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This inventory produced for the Brussels Dialogue on Climate Diplomacy highlights over 100 publications, articles, initiatives and events from 2017. It includes everything you need to know about action on Climate Change and International Security in this landmark year.   

Climate Change and International Security

Resource Guide – 2017 Consolidated Edition

Climate Change and International Security

Resource Guide – Update January 2018

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This first update to the 2017 compendium has 50 new entries to help you keep informed on news and events on Climate Change and International Security. Readers are invited to contact us about additional items to be included as we together periodically update and build the consolidated edition for 2018.

BDCD Partner Publications

BDCD Publications

EU Climate Diplomacy: Politics, Law and Negotiations

24 April 2018

Europe’s Responsibility to Prepare: Managing Climate Security Risks in a changing World

June 2018

The European Union (EU) has recognised the high-probability, high-impact threat climate change poses to international security, but is still formulating a response commensurate to the threat. This repor t outlines how the EU can meet a Responsibility to Prepare for unprecedented yet foreseeable threats to international peace and security. This involves routinising, institutionalising, elevating and integrating climate security considerations into policymaking processes and the policies and financial instruments of EU institutions, while honing rapid response capabilities and developing contingencies for unintended consequences. 

Authors: Shiloh Fetzek and Louise van Schaik

The Center for Climate and Security / Clingendael - Netherlands Institute for International Relations / Planetary Security Initiative

20 pages 

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The European Union has long played a leadership role in the global response to climate change, including the development and dissemination of climate-friendly technologies such as renewable energy. EU diplomacy has been a vital contributor to the development of international cooperation on climate change through the agreement of the United Nations Climate Convention, its Kyoto Protocol and, most recently, the Paris Agreement. In addition, the election of Donald Trump as President of the United States means that the EU contribution to climate diplomacy will become more important still, both in filling the leadership gap (together with other major economies) and in responding to any sabotage by the Trump administration.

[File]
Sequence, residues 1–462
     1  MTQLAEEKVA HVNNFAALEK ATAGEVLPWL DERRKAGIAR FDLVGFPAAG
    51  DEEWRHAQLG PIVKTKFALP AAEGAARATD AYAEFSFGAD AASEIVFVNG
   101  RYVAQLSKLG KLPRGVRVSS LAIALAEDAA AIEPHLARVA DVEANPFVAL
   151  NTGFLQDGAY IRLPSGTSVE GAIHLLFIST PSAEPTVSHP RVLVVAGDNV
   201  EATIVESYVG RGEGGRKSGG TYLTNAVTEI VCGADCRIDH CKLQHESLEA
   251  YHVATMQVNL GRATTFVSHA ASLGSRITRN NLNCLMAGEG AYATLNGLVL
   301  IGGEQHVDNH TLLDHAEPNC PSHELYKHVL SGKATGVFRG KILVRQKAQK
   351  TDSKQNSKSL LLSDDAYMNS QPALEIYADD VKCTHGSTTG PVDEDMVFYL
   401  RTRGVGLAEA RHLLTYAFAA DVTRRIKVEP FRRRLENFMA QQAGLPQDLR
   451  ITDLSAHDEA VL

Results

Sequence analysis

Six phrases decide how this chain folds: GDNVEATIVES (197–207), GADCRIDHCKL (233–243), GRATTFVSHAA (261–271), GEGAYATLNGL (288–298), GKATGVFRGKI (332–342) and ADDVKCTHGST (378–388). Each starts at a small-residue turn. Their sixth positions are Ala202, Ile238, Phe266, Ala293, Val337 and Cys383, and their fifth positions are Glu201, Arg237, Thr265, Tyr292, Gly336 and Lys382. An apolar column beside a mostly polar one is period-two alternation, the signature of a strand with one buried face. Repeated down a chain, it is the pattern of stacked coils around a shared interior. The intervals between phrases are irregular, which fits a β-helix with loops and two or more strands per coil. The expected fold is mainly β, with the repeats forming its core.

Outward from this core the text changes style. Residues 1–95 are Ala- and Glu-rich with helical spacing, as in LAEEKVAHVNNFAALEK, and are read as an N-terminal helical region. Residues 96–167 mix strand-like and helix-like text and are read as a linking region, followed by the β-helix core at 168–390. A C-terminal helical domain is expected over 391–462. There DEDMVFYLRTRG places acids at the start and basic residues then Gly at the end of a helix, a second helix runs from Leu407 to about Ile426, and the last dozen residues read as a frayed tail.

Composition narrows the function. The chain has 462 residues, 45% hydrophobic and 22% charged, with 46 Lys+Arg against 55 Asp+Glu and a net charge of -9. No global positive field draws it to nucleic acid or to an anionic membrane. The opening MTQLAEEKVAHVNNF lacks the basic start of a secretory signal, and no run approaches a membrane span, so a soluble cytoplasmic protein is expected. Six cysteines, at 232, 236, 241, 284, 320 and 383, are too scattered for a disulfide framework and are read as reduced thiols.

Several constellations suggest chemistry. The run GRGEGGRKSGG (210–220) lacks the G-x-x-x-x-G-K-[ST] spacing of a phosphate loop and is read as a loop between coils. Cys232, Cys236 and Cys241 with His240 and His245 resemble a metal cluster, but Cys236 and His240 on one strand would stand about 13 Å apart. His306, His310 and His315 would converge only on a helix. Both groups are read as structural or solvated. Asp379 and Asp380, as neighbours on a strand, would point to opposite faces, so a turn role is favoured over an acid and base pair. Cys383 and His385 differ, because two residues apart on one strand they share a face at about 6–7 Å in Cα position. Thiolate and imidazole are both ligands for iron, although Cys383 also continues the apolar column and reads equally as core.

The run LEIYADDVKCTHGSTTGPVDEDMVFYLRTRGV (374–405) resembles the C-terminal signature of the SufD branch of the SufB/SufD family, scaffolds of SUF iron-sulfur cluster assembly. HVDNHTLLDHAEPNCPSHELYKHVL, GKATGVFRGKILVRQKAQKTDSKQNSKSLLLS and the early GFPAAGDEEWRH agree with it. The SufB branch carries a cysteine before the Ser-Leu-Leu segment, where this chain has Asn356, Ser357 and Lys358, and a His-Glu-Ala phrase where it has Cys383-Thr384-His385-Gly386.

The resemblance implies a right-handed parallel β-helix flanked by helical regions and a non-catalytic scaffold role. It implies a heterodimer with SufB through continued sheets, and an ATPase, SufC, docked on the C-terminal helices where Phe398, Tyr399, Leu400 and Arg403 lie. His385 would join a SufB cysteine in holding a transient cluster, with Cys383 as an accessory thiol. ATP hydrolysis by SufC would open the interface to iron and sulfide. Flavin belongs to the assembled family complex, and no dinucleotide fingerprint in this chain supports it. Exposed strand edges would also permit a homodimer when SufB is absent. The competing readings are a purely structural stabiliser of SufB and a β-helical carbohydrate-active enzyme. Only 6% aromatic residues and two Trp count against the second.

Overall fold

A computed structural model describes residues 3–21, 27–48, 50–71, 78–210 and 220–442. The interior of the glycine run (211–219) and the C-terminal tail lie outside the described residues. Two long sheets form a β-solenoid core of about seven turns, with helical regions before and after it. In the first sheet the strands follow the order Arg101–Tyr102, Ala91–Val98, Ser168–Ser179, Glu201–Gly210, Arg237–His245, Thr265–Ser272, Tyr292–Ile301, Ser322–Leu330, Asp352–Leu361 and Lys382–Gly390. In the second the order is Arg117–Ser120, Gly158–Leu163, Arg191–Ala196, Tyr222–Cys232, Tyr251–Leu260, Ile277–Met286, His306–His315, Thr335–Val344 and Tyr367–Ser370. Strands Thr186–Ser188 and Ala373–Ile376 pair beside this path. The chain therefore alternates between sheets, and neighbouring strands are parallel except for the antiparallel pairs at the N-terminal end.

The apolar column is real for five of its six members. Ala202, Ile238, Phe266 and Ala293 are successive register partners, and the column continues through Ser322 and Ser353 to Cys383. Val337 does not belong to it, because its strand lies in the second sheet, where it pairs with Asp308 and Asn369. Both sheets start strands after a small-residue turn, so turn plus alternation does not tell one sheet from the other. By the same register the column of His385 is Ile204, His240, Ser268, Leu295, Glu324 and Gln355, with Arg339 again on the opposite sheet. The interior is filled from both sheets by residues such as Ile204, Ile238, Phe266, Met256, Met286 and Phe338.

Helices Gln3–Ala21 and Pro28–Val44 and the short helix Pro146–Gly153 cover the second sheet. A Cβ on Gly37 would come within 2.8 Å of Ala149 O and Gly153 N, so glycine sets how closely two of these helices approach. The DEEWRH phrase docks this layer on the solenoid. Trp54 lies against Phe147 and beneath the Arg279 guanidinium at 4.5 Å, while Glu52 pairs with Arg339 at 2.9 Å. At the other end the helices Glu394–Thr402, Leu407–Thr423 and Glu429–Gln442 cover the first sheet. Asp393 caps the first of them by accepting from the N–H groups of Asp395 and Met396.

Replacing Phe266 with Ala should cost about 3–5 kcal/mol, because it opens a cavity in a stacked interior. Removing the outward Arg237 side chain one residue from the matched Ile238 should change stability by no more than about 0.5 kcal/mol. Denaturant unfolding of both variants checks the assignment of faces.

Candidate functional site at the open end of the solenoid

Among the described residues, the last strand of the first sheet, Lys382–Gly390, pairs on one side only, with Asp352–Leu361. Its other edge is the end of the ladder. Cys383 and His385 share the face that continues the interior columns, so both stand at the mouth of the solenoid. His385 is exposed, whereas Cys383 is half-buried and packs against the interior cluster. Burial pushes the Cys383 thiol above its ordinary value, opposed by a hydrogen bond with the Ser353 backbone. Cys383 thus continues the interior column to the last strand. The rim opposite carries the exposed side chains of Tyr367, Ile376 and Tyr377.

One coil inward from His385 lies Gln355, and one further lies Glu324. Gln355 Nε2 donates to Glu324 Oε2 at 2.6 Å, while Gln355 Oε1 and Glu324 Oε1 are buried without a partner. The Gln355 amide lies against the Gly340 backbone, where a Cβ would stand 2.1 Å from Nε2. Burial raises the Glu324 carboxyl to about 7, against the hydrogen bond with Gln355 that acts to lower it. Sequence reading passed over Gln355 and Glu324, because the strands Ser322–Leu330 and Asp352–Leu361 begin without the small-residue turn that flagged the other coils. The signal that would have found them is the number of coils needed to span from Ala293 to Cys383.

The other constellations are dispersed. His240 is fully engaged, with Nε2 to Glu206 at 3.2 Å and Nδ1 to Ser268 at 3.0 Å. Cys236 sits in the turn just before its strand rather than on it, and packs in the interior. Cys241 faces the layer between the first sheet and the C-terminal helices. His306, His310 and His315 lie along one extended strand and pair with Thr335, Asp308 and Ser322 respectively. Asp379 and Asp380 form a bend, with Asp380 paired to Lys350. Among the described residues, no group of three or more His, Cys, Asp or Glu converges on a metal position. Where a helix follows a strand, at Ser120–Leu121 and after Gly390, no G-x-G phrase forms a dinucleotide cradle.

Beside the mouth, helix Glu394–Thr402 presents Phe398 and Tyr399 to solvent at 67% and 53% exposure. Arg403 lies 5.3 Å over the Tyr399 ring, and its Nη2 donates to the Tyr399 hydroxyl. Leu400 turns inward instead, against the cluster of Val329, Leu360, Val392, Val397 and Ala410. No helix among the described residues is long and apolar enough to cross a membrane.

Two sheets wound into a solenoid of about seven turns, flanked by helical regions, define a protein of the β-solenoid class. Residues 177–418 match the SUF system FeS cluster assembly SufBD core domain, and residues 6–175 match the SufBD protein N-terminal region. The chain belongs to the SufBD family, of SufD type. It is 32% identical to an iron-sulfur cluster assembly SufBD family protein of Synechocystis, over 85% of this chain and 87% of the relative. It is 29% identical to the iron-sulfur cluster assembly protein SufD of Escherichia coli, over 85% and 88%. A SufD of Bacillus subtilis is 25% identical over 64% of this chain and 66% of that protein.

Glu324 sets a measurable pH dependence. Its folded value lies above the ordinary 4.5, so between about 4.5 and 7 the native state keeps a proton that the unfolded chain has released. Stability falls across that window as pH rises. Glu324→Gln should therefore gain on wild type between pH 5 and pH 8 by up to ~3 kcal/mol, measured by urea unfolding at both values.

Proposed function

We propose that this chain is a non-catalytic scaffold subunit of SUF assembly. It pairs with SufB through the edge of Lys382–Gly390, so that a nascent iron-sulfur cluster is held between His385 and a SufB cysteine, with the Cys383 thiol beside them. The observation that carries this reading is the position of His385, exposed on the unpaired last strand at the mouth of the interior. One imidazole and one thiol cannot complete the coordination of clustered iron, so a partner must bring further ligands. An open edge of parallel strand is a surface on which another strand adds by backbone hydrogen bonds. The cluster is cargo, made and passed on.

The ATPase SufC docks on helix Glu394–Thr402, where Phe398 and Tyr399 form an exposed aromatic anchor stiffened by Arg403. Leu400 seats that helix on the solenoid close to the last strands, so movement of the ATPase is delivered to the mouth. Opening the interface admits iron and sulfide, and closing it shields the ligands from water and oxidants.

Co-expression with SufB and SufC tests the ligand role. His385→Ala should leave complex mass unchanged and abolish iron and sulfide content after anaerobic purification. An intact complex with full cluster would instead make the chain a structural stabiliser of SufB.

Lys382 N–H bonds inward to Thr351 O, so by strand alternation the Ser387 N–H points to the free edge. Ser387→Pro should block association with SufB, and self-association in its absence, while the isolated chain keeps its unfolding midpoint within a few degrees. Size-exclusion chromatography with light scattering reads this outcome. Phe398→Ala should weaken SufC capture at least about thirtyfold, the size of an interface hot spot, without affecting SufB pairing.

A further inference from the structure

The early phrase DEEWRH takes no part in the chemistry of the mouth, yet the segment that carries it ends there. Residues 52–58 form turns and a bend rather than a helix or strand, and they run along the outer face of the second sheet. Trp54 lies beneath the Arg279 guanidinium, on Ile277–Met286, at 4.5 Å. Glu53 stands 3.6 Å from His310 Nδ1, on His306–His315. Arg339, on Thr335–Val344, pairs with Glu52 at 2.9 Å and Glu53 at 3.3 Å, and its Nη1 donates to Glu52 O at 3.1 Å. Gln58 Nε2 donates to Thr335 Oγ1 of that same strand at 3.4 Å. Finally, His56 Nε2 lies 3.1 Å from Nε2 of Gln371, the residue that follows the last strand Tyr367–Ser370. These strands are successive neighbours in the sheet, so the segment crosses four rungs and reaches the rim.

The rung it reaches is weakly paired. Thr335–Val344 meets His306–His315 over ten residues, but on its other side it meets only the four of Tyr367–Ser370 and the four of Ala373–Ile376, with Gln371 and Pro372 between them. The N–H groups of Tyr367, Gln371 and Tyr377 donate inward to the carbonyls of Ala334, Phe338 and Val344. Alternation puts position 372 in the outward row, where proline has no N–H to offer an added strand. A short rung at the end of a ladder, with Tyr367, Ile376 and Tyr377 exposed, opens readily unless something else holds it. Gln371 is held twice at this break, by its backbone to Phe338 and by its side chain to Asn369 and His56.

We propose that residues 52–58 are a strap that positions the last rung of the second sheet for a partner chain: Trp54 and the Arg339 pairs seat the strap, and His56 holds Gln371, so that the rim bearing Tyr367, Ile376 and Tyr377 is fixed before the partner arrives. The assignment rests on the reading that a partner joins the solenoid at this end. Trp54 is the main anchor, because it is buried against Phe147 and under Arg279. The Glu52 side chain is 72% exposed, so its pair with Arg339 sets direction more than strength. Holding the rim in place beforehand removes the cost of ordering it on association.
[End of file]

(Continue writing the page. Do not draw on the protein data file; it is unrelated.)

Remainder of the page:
This book will extend knowledge of the EU as a key actor in climate diplomacy by bringing together leading practitioners and researchers in this field to take stock of the EU’s current role and emerging issues. Contributions will be grouped into three strands: 1) the interplay between EU climate diplomacy and internal EU politics; 2) how the EU’s legal order is a factor that determines, enables and constrains its climate diplomacy; and 3) the EU’s contribution to diplomacy concerning climate technology both under the Climate Convention and more broadly. Collectively, these contributions will chart the EU’s role at a critical time of transition and uncertainty in the international response to climate change.

Edited by Stephen Minas, Vassilis Ntousas

Routledge

174 pages, 18 B/W Illus. 

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A study by Strauss Center scholars provides robust new data on where—and how—fragility and climate risks combine to make populations more vulnerable to humanitarian emergencies and instability across the globe.

“With increasing aid investments and security assistance in states affected by localized conflict, political upheaval, and humanitarian crises, there has been a convergence of interventions in fragile states. Yet the relationship between these varied threats and interventions in this context is exceedingly complex,” said Ashley Moran, director of the Strauss Center’s State Fragility Initiative and lead investigator on the study. 

“Knowing the specific ways that fragility and climate risks intersect can help assess how policies promoting peace, political stability, and resilience can be best designed to positively reinforce each other and reduce both the fragility and climate risks that can contribute to instability in these countries.” 

The study report, The Intersection of Global Fragility and Climate Risks, identifies the locations where fragility and climate risks co-occur in significant ways around the world. It reveals that most highly fragile states—where institutions and mechanisms for meeting public needs are already strained—have a large number of people or large share of the population facing high climate risks, adding challenges that can exceed state capacity and societal resilience. 

The global findings—along with country briefs exploring how compound fragility-climate risks take shape in different contexts in Bangladesh, Colombia, and Nigeria—provide new data on the role of fragility in the indirect pathways between climate risks and a range of potential security threats. 

Authors: Ashley Moran, Joshua W. Busby,Clionadh Raleigh, Todd G. Smith, Roudabeh Kishi, Nisha Krishnan, Charles Wight,and Management Systems International, a Tetra Tech Company

Produced for review by the United States Agency for International Development

70 pages

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The Intersection of Global Fragility and Climate Risks 

28 September 2018